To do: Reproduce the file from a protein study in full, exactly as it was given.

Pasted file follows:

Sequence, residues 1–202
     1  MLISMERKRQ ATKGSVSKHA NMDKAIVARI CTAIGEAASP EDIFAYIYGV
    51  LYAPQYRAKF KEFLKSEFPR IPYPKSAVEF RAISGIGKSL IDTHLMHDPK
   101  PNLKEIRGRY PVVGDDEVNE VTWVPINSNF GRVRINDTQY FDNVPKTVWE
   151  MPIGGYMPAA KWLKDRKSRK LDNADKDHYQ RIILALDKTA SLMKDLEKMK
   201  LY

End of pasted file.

Sequence, residues 1–202
     1  MLISMERKRQ ATKGSVSKHA NMDKAIVARI CTAIGEAASP EDIFAYIYGV
    51  LYAPQYRAKF KEFLKSEFPR IPYPKSAVEF RAISGIGKSL IDTHLMHDPK
   101  PNLKEIRGRY PVVGDDEVNE VTWVPINSNF GRVRINDTQY FDNVPKTVWE
   151  MPIGGYMPAA KWLKDRKSRK LDNADKDHYQ RIILALDKTA SLMKDLEKMK
   201  LY